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Angel Official Soundtrack - Scifi.com Review

By A.L. Sirois

Thursday 23 June 2005, by Webmaster

Angel: Live Fast, Die Never

The devil is in the details in this collection of music from five years of the Buffy the Vampire Slayer spinoff

* Angel: Live Fast, Die Never
* Rounder Records
* Total disc time: 1:19:09
* MSRP: $17.98

Angel, the spinoff of the late, lamented program Buffy the Vampire Slayer, was almost as popular as its parent. It was canceled in the spring of 2004, even though devoted fans worked hard to reverse the network’s decision. They hosted blood drives and eventually raised more than $20,000, but, sadly, none of that saved the show.

Our Pick: A-

Now, however, a year later, the soundtrack album has been released. And it’s been well worth the wait. The majority of Live Fast, Die Never is comprised of highlights from some of the best episodes the five-year series. It gets off to a very strong start with an extended and "rocked-up" version of the show’s title theme, performed by Darling Violetta with added vocals. The tune evokes some of the stronger cuts from the legendary Fairport Convention. Series music supervisor John C. King has said that he was after a sound that was "Smashing Pumpkins meets Batman ... cello rock."

Most of what follows has been culled from season two, with a substantial sprinkling of cues from season two, some from season one, and one or two from seasons five and three. They alternate between strong martial passages reminiscent of James Horner’s bravura score for Aliens and gentler, elegiac cues of surprising emotional depth.

One of the best of the former type is "Massive Assault" from season two, which played out under an attack of zombies. Cue five, "Home," exemplifies the second sort. It’s highlighted by a lovely flute part that underscores Angel’s sense of loss in the season-four finale as he watches Connor, his son, settle happily into a new life, no longer remembering his old one-or his father.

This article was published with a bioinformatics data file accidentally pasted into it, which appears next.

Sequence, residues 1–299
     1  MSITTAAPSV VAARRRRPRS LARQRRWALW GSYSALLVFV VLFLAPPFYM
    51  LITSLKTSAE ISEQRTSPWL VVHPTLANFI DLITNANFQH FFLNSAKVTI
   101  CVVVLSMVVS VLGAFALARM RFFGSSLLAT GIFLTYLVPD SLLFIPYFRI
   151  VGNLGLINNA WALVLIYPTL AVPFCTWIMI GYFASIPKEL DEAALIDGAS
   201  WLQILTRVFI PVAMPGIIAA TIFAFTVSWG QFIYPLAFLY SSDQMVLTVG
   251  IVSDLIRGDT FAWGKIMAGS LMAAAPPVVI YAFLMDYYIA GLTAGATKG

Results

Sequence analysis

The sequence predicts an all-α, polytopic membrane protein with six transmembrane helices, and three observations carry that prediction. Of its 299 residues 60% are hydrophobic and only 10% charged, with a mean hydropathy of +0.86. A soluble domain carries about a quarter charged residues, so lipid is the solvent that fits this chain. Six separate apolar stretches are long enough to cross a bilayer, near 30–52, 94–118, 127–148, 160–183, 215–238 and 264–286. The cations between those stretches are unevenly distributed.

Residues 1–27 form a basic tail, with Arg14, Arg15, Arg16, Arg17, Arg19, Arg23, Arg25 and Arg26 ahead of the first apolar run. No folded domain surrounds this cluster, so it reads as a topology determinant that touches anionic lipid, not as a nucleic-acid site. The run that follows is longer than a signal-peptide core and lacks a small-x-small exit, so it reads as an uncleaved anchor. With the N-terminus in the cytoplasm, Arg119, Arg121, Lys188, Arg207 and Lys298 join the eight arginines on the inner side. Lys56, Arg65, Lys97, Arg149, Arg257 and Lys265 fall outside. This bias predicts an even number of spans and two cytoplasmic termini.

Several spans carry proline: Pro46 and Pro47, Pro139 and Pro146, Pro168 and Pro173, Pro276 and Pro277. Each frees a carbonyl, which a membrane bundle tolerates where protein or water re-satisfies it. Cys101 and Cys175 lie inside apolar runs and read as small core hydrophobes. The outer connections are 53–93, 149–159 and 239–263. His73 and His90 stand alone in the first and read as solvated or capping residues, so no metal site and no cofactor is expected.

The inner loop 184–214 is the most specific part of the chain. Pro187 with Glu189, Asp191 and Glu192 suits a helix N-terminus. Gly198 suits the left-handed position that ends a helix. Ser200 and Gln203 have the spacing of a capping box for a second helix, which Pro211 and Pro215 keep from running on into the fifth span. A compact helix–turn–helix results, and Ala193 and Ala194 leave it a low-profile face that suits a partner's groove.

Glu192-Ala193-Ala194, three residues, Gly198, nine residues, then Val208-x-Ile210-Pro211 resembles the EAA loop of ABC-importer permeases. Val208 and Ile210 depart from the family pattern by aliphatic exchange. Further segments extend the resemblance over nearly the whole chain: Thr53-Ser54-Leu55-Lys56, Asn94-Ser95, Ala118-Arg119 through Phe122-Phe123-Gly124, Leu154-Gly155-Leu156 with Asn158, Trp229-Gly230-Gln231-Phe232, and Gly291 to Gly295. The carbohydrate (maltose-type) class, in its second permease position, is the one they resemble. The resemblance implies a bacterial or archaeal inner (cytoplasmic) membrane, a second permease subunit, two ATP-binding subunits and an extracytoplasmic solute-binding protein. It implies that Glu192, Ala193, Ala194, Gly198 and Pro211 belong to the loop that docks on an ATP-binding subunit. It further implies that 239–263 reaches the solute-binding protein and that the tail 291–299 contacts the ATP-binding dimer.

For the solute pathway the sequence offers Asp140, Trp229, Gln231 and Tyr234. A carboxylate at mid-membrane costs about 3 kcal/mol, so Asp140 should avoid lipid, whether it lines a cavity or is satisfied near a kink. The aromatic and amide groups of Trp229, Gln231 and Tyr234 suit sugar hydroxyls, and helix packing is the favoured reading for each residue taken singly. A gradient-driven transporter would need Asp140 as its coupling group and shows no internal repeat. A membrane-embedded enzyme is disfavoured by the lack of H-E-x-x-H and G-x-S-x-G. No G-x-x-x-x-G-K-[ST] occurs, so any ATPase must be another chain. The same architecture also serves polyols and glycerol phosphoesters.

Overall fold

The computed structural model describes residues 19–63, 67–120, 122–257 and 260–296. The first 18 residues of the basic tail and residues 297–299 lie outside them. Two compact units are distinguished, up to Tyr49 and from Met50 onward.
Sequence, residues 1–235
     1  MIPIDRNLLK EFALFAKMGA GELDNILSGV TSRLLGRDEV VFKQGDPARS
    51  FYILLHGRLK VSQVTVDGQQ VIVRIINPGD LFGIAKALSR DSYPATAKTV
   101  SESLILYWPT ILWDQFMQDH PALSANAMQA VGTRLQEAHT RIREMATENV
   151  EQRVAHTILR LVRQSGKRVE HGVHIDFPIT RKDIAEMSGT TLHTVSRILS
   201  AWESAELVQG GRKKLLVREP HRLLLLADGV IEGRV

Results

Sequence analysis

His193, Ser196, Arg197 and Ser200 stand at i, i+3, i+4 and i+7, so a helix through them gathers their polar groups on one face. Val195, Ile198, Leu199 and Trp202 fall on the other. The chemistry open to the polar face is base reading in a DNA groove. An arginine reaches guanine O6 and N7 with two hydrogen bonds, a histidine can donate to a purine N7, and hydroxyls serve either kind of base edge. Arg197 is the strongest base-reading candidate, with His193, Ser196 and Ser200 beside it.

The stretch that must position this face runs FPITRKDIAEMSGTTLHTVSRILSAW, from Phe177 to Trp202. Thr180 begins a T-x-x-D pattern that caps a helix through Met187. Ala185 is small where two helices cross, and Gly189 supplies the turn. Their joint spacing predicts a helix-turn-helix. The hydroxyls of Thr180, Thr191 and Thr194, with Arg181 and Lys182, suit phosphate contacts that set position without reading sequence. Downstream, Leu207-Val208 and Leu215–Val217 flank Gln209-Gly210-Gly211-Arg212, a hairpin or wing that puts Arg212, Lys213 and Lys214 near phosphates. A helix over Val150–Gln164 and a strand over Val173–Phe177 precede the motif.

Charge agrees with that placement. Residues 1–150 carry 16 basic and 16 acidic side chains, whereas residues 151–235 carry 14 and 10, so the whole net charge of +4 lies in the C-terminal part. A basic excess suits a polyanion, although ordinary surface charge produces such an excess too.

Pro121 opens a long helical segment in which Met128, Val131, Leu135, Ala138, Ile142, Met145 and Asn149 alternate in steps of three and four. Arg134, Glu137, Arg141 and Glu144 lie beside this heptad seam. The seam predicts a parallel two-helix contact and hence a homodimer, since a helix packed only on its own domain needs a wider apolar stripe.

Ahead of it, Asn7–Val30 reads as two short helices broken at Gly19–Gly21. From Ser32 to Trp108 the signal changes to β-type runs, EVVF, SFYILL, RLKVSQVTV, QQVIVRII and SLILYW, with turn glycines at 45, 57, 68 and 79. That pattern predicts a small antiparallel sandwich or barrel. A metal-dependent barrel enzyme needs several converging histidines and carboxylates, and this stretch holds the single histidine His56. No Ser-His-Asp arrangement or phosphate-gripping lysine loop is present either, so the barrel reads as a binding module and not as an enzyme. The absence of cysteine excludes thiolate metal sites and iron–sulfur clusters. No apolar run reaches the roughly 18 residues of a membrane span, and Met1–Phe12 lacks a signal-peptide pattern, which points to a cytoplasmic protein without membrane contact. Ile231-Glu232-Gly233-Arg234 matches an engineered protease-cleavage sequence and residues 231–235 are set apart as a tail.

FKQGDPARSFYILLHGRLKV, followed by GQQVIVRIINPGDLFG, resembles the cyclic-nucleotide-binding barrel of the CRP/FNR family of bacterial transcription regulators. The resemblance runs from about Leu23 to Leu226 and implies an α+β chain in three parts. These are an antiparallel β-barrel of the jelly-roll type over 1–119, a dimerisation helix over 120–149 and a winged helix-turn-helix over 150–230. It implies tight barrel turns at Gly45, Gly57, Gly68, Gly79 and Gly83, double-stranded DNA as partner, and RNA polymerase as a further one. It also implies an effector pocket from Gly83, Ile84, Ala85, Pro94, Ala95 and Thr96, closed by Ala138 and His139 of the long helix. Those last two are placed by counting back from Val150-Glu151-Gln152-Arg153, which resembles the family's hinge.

Angel’s musical score was composed by Robert J. Kral, who wrote more than 2,200 minutes of music for the show. In addition to Kral’s music and the theme, there are a couple of licensed tunes on the disc: Vast’s "Touched" and Kim Richey’s "A Place Called Home." There are also three original cast performances, one by Christian Kane (Lindsey) and two by Andy Hallet (Lorne, the karaoke-singing demon). Kane sings "LA Song," written by show co-creator David Greenwalt, which benefits from sounding very much like a Tracy Chapman performance. Andy Hallet belts out "Lady Marmalade" and brings a nice jazz feel to the old Muppets fave "It’s Not Easy Being Green." This Angel is far from fallen

Kral’s cues really sound very theatrical, much better than anyone would expect for a television show. The music swings effortlessly between action cues and delicate, sorrowful moments. The samples are very well produced, with strong brasses and elegant strings. Kral really takes the mandate of the series-the epic spiritual battle Here Below between good and evil-and runs with it. The use of licensed songs adds even more depth and some occasional humor.

What’s not to like? Well, die-hard fans may quibble about the alterations done to the show’s theme, but this reviewer was tapping his toe within moments of the cue’s beginning.

With so much music available for choosing, Robert Kral has said: "Many of the tracks included were edited into suites comprising several cues and sometimes several episodes." Frankly, he’s done-wait for it-a hell of a job. While much had to be sacrificed to keep the disc within sneezing distance of an hour’s run time, fans will note that there is a plethora of material from the Pylea and Darla arcs. Although some may miss music from their own favorite episodes, the good news is that there’s a lot more material to choose from for any future soundtrack discs from the series.

A quality effort all around, Angel: Live Fast, Die Never will please the legions of the show’s fans who have been waiting for something to remember the show by.

Perhaps the only real missed opportunity here was the failure to include Lorne’s "If I Rule the World," from the last episode of the series. Other than that, this is a heavenly collection. - Al